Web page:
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Fly Fishing on the Housatonic

Fly Fishing on the Housatonic

by John Torsiello

From sun up through early evening during the warm weather months on the rambling Housatonic River in Massachusetts and northwest Connecticut fishermen can be seen wetting a fly in search of a feisty brown trout or muscular smallmouth bass.

The “Housy,” as it is affectionately known by many anglers, is one of the premier fisheries in the eastern United States, and flows out of the Berkshire Hills in Massachusetts. Trout Management Areas and fly-fishing only areas conspire to fill the river with many holdovers, and hooking an 18-inch trout, or larger, is not uncommon. The river is strictly catch and release.

The northern reaches of the Housatonic in Massachusetts are comprised of the East and Southeast branches, and the waters from Richmond Pond near Pittsfield down offer some great early-season fishing. You can access the river in this stretch near bridges and other areas along Route 20. The East Branch near Hinsdale is actually a small and swampy stream that makes access and fly-fishing somewhat difficult, but rewarding because the trout are not under heavy pressure. The WMA near Hinsdale does provide access to the river.

Some of the best spots in Connecticut are on a beautiful stretch near the covered bridge in Cornwall to Housatonic Meadows State Park in Cornwall Bridge. Indeed, a 10.4-mile WMA in Connecticut is considered one of the best places to fly fish in all of New England. The river, which is well stocked, is strictly catch and release.



“There are a lot of aspects of the Housatonic that make it a great fishing river,” says Rob Nicholas, a veteran guide and expert fisherman, who lives in Cornwall CT where be operates Housatonic Anglers. “Especially the stretch that runs from Falls Village to Kent. The diversity of the river is incredible and not just from a fishing perspective. There are deep pools, long shallow riffles, pocket water, big meadows and rocky bluffs that one will see while on the river.”

Water temperature is the most critical factor in terms of trying to determine whether trout will be active or not. As a general rule, the trout on the Housatonic will be most active when the temps are between 55 and 70 degrees. Once the river hits 70 degrees or more look for the bass fishing to improve.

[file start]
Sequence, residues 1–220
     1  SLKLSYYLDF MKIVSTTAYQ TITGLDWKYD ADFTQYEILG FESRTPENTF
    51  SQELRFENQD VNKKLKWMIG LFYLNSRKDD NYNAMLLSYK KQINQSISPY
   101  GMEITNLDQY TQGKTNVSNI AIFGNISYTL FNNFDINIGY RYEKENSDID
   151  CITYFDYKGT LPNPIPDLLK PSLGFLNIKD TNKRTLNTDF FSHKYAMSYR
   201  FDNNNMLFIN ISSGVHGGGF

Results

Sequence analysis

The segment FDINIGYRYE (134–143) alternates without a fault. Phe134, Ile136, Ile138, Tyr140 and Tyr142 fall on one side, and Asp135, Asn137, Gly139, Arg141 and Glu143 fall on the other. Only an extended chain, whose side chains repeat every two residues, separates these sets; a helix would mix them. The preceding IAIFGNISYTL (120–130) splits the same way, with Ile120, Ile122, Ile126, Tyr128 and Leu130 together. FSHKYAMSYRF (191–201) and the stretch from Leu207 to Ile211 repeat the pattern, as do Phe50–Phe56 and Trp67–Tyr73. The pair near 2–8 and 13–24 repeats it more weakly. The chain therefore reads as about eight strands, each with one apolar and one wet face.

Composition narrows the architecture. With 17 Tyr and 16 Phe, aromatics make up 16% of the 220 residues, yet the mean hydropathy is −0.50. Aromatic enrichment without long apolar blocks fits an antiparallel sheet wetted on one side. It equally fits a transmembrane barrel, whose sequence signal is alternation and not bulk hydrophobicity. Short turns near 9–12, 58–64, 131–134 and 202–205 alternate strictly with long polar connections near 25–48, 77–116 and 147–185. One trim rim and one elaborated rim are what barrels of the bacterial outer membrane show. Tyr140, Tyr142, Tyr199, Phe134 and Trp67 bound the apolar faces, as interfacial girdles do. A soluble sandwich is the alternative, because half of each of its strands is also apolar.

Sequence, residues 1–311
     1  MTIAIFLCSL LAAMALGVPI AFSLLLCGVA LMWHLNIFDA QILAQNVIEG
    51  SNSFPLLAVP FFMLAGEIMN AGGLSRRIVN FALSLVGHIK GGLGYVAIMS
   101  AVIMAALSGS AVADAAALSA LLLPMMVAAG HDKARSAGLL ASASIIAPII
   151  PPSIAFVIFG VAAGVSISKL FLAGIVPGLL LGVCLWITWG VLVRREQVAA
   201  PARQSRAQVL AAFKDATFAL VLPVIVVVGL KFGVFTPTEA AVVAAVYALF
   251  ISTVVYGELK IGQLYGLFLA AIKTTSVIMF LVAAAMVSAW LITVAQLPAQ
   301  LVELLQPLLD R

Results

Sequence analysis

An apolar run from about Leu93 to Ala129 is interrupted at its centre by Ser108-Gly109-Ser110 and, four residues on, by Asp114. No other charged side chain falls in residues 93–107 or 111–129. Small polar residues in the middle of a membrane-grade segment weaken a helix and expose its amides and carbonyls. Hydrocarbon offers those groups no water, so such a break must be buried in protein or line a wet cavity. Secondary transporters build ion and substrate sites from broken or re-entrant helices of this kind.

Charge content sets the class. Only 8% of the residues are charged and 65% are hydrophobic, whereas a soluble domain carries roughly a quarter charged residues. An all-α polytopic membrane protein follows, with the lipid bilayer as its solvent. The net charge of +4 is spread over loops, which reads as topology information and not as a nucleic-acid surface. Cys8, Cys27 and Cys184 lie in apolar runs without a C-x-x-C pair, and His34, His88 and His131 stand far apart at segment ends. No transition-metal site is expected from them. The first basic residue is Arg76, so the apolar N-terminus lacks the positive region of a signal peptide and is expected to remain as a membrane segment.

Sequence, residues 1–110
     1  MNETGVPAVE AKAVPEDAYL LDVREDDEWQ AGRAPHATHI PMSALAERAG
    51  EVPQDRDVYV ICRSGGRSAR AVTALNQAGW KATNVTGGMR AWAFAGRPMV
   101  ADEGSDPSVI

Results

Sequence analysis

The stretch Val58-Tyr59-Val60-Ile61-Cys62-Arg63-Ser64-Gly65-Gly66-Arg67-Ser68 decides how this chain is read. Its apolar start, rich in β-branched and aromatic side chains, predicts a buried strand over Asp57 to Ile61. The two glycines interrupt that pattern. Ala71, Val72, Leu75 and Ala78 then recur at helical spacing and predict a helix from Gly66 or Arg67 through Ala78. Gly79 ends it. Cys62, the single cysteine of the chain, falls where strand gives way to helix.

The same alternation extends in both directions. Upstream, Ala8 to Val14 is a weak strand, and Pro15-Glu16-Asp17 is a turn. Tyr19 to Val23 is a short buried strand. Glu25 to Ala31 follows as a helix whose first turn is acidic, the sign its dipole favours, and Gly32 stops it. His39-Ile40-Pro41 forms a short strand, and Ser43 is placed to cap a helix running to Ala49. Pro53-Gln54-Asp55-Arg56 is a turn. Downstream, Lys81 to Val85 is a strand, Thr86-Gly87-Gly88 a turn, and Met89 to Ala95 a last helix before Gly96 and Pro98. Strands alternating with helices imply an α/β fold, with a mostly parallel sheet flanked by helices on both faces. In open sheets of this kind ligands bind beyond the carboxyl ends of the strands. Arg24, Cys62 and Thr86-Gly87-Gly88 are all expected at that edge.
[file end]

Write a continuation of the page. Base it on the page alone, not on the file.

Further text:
Because the river runs through and over limestone deposits it is very rich in nutrients, thus there is a lot of “life” in the Housy, says Nicholas. Mayflies, stoneflies, caddis, grayfish, baitfish, suckers, dace make “yummy” food for the fish. Early May hatches fishermen watch closely to match their flies to include the Hendrickson, blue quill and red quill, while the green caddis, tan caddis, green drake, gray fox, brown drake, March brown and suphur are insect hatches that usually appear in mid- to late-May.

“The insect activity and populations are huge on the river, and combine this with consistent hatches, creates a trout fishery to rival many in the western states,” says Harold McMillan, owner of Housatonic River Outfitters. “Several Connecticut sections of the river remind me of fishing in Montana or Idaho with its mountainous landscape and wide expanses. We have guided fishermen from as far away as South Africa and Russia and book well over 500 guide trips per year for individuals who wish to spend a day fishing the Housatonic River. In addition to the superb fishing, on most guide trips you will see bald eagles, osprey, black bear, minks and otters and even the occasional moose that has wandered down from Vermont or New Hampshire.”

When it comes to trout, your best bets are browns and rainbows that are stocked by state agencies. But there are also some wild trout swimming around, and an occasional brook trout can be hooked near one of the tributaries that feed into the Housy, where the natives live during the summer months. Once the trout start rising in earnest in May the action stays hot into October. The best time for smallmouth bass in from mid-June to October, says Nicholas.

In addition to Nicholas’s services, there are other outfitters and fly and tackle shops near or along the river, including Berkshire Outfitters in Adams MA, Berkshire River Drifters in North Adams MA, J. Stockard Fly Fishing in Kent CT, Housatonic Meadows Fly Shop in Cornwall Bridge CT and Housatonic Outfitters in Cornwall Bridge CT.



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